A group of several Granite Belt irrigators is taking Southern Downs Regional Council to the Supreme Court over torn up water agreements.
A group of several Granite Belt irrigators is taking Southern Downs Regional Council to the Supreme Court over torn up water agreements. Contributed

Council faces legal battle with irrigators

A GROUP of Granite Belt irrigators is taking the Southern Downs Regional Council to the Supreme Court.

A statement of claim was filed late-June by VC Catanzaro Solicitors on behalf of several irrigators.

Scurr Investments Pty Ltd, Antonio Baronio, William Taylor, Chris and Jen Wren and Pieter and Laura Hendriksen have launched the claim against the council after they opted to tear up an existing agreement.

The agreements, for the supply of treated effluent water from the Stanthorpe Wastewater Treatment Plant, were due to run for 25 years with five further five year option periods.

The plaintiffs argue that the agreements remain valid and that council has acted inappropriately in tearing up the deal.

The agreements were made with the previous Stanthorpe Shire Council under the Stanthorpe Recycled Water Scheme.

"This scheme has been operating since 2004 and without issue throughout all those years," VC Catanzaro Solicitors spokesman Michael Catanzaro told the Border Post.

"As any grower can appreciate water is the lifeblood of any farming operation and one which any grower will fight to protect.

"Our clients have invested heavily in this scheme and they are looking to enforce the terms of the Agreements to protect their existing rights and entitlements to the treated effluent water," he said.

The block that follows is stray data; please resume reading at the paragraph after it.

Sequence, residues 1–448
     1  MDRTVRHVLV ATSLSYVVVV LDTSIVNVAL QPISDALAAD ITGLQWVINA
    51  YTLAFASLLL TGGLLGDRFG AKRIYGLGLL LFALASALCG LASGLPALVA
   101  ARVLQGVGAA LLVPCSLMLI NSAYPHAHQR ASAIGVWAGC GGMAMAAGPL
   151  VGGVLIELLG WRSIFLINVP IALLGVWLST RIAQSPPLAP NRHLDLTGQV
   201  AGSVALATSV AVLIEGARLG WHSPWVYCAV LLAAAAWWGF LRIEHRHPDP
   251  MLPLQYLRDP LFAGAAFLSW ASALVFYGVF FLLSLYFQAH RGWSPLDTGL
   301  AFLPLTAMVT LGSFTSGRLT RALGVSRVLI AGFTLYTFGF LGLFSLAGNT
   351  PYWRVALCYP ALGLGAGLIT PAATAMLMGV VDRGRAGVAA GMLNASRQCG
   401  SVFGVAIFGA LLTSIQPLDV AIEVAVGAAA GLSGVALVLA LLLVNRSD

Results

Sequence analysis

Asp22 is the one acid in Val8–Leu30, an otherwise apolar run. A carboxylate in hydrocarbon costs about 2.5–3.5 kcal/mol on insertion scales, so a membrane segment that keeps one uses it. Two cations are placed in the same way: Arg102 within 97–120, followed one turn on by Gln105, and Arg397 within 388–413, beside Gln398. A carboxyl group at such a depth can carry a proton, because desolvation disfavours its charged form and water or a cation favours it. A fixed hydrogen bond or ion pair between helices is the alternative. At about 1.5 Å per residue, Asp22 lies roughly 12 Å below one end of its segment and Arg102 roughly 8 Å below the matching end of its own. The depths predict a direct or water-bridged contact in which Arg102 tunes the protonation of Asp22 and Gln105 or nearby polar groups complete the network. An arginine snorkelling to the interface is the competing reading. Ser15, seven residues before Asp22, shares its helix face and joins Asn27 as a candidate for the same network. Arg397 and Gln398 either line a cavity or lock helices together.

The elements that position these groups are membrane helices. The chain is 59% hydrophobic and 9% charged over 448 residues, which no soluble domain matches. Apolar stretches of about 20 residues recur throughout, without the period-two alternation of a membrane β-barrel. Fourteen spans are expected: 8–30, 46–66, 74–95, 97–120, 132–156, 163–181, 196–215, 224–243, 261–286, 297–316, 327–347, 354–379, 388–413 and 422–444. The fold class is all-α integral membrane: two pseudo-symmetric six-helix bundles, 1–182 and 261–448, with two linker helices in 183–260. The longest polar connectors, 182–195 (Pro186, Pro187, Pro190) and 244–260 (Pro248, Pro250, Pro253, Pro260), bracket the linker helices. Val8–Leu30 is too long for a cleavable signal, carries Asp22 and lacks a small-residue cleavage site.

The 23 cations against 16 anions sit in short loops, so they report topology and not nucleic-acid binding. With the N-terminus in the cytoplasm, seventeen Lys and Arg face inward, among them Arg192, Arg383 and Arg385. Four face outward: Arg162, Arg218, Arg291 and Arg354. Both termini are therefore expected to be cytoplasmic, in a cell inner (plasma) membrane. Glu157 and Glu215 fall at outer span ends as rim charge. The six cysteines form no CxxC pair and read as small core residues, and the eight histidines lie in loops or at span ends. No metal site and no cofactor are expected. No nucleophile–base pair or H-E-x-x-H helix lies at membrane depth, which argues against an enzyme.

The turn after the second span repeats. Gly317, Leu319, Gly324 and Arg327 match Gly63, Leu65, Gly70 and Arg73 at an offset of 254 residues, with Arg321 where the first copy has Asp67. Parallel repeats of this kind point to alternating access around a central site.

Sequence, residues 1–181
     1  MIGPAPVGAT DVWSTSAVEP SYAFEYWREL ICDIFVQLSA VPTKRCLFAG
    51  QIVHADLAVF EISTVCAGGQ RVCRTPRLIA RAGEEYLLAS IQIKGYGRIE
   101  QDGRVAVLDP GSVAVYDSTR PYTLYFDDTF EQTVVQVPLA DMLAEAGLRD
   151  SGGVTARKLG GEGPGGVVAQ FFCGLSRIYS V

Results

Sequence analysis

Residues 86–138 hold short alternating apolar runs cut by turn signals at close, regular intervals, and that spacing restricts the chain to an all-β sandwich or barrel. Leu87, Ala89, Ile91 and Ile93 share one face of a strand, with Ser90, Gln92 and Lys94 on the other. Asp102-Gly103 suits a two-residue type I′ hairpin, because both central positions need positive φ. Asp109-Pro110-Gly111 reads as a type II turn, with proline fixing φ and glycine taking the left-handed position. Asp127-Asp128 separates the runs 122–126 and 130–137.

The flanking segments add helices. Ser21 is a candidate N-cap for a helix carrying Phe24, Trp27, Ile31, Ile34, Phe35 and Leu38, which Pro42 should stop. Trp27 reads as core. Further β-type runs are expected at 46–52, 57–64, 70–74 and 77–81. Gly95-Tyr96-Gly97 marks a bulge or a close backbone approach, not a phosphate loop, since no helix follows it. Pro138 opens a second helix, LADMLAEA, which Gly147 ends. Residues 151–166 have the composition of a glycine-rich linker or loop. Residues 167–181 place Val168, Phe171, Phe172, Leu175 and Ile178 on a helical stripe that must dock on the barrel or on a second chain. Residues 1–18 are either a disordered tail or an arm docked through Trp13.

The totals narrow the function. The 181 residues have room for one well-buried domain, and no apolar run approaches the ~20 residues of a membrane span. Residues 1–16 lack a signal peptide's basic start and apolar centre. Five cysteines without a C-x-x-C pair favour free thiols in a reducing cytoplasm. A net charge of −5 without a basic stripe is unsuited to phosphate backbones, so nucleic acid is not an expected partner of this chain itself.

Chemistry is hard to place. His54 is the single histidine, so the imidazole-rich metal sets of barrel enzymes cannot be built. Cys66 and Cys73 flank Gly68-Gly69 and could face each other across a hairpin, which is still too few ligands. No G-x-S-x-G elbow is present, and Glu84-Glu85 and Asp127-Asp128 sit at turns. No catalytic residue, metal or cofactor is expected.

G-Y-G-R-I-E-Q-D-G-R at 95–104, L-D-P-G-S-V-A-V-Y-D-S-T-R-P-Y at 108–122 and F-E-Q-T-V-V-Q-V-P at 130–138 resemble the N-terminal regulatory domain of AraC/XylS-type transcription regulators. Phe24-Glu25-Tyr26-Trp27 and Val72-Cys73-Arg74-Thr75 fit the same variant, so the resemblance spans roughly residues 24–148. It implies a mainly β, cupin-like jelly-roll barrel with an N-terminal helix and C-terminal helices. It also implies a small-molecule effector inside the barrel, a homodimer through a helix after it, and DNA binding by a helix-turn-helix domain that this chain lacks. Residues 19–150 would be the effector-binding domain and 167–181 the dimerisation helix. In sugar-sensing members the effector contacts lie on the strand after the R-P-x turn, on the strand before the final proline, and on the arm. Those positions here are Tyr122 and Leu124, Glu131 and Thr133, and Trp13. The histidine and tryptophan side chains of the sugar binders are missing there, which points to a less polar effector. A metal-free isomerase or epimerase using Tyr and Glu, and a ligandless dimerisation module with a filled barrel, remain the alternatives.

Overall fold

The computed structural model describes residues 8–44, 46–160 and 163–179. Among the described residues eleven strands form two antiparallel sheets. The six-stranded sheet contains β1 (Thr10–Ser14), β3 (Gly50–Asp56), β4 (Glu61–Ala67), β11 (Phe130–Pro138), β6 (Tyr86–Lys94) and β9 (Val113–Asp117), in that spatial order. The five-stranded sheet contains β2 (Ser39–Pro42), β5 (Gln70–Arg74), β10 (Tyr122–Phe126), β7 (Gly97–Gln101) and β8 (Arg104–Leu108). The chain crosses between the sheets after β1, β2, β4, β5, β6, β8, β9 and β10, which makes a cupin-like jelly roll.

The Supreme Court claim states the irrigators were notified back in August of last year about the impending termination.

Despite the threat of legal action, SDRC voted to move ahead and go to a tender process, where the existing irrigators, as well as new ones, could apply.

That prompted the irrigators to place notices in media, Border Post included, advising third parties, who may be interested in applying for the tender, that the existing irrigators had pre-existing rights which would be enforced in preference to any third party rights.

The irrigators have also alleged further impropriety on council's behalf.

They claim the council had overcharged them up to $80 per megalitre more, than what was agreed upon in the agreements.

Expressions of interest for new recycled water users wrapped up in October last year, but council have yet to announce who, if any, new users submitted EOI's.